Clients are not naïve; we build trust with them daily as they challenge us to deliver against their needs within the terms of their contracts. There are now numerous business models and this is why contracts are so important.

We objectively plan all our clients’ media to their brief and have a focus on delivering key performance indicators. Client needs remain paramount. Any agency not putting their clients first does so at great risk.

Paul Frampton 

UK and ireland chief executive, Havas Media group

I would concur with ISBA’s Mark Finney that there needs to be more constructive dialogue between agencies, advertisers and auditors. Havas believes all parties need to evolve beyond an obsession with price to focus on value and effectiveness.

 

Catherine Becker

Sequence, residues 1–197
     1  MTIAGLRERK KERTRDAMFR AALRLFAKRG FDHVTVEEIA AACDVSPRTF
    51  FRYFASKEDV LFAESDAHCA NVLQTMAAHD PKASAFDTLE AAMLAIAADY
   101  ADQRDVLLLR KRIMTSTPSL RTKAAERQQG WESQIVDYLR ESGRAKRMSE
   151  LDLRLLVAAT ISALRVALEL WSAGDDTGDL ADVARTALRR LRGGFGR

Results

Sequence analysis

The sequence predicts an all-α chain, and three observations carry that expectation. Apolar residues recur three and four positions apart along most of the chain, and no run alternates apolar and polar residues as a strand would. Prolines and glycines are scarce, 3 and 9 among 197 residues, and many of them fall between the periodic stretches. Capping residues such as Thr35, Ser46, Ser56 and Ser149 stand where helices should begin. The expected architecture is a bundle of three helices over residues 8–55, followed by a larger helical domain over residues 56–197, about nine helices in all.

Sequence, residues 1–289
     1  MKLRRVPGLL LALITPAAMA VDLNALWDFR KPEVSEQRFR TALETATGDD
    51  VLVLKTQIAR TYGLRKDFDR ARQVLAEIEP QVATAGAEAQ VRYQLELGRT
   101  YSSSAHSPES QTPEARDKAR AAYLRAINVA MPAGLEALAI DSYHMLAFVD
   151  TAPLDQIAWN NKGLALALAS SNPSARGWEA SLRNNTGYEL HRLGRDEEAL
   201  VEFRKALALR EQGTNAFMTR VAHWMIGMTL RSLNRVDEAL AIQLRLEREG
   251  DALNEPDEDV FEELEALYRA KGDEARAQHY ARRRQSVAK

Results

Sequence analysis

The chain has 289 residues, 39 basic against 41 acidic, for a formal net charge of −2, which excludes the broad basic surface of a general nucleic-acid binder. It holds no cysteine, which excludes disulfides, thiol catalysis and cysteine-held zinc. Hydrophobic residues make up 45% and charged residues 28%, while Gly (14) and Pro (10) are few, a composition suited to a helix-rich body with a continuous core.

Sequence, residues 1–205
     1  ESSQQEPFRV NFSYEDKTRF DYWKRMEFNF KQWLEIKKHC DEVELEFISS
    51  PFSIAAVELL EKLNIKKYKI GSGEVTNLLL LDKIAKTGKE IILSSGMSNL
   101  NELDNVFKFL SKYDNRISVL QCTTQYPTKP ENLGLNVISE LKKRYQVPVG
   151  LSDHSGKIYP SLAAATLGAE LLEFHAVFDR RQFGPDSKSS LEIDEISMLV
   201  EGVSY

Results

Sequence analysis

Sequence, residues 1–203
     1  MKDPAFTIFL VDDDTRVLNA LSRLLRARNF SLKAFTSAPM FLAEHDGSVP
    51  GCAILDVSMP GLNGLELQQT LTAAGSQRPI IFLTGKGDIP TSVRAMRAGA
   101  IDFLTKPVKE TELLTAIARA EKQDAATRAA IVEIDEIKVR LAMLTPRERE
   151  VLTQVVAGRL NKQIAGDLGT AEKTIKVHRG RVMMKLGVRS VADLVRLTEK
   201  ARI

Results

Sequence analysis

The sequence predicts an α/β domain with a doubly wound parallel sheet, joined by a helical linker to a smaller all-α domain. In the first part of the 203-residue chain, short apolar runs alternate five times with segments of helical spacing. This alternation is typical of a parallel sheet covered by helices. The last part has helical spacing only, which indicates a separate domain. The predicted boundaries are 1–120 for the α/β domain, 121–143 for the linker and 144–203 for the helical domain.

Chief executive, VCCP Media

The agency model is not broken. This is making a generalist assumption. It assumes clients are not savvy and all agencies are deceptive. This is not the case.

The majority of our clients partly remunerate us on results from client service to pricing improvements to sales targets reached.

This gives us shared risk and reward, and creates a true partnership. We also work in this way with some media owner partners. It’s incumbent on agencies to lead the way. If agencies wait for clients or auditors to find that out, all trust is already lost.

Jenny Biggam

Co-founder, The7stars 

There is a lot of complexity in the industry – and it starts with the way agencies are asked to pitch for business.

Too often, business is won and lost based on fees that are untenable and rates that are unbuyable – and so the winning agency has to set up a complex ecosystem around upselling, non-transparent revenue streams and manipulation of buying results.

I’d welcome a joint industry group on defining best practice in how we move from pitching based on cost of service and cost of media towards delivering effective solutions.